Xenia Tornado: 50 Years Later – ‘As soon as you heard Gil Whitney;’ Lives were saved that day

XENIA — It was 50 years ago today that an EF-5 tornado destroyed part of the city of Xenia, leaving more than 30 people dead.

WHIO-TV weatherman Gil Whitney broke into programming to warn people in the city to take cover. To this day, people in Xenia say Gil Whitney saved lives. They also said April 3, 1974, is a day they will never forget.

Melissa Caserta, who lives in Xenia, said, “It was a week before my birthday. I heard this kid outside. He was screaming. I looked out the window and he was running down the street and pointing the other way yelling ‘tornado, tornado.’ So, I went to my parents’ bedroom and looked out the window and there it was, and it was huge.”

Caserta, her mom, her dad, and her dog took cover from the twister in the lowest part of their house, but it found them.

“It picked up my mom and me and threw us across the room and slammed us onto the floor. It was really violent.” She continued, “I could hear glass breaking, wood splitting, carpet ripping. I could hear the roods from the tree being ripped out of the ground, I could hear people screaming. I landed in the doorway, then my mom landed on me. She was holding onto the door frame, and the basement wall caved in on us, and we both got hurt pretty badly. They carried us out of the basement window on doors. They used doors as stretchers.”

At the same time, Caserta and her family were riding out hell in their basement.

Retired Fire Lt. Darrel Doyle said, “As soon as we heard Gil Whitney, as soon as he said, ‘If you live in Xenia, take cover immediately.’” Doyle was hiding in a closet with his family.

“It had me, her, Doug, and a 100-pound Irish setter.” The tornado missed the Doyle’s house. He said, “I gave her a hug and kiss and away I went.”

Doyle left for work. He would not see his family much for the next couple of weeks.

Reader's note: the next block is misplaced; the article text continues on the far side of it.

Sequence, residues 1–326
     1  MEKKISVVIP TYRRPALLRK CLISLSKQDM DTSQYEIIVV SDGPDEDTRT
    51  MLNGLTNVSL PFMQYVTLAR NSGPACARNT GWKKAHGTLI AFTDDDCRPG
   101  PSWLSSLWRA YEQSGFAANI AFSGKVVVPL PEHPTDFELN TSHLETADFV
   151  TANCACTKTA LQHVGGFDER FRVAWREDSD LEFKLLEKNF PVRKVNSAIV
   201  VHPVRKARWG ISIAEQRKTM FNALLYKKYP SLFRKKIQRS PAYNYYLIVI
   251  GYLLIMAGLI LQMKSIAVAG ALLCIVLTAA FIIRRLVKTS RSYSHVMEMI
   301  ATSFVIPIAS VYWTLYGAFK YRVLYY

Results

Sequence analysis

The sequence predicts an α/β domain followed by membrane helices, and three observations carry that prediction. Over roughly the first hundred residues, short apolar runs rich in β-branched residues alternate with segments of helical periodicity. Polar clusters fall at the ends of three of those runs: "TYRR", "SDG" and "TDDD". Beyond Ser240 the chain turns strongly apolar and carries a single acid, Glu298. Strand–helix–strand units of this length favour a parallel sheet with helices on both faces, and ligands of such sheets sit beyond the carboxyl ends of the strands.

“Went to Station 2 and it was chaotic,” he said. “We were putting people in the bedroom. We were going back into the bedroom – unconscious, conscious, bleeding anything or anything we could do. A truck or station wagon, anything that could take a mattress. We’d put the mattress in the vehicle and send the person to the hospital in Dayton because we couldn’t get to Greene.”

The Ohio National Guard locked Xenia down. Doyle said, “They opened it up after two weeks, and all hell broke loose. It was a traffic jam. You couldn’t go down Main Street. You couldn’t go down Second Street. You couldn’t go down any street. It was a traffic jam, People coming to see – sightseers. It was unreal, you just can’t imagine.”

Fifty years later, Doyle thinks emergency equipment and response plans across the country are better because of the 1974 Xenia tornado.

“We learned the hard way, but we learned,” he said.

But many survivors like Melissa Caserta are still dealing with the trauma of that April day.

“When the wind blows, I’m not good. I’m not good at all,” Caserta said. “I was a victim. I became a survivor and as the years went on, I became a warrior. Because nothing or no one could hit me as hard as I got hit that day and I’m OK. I’m alive.”

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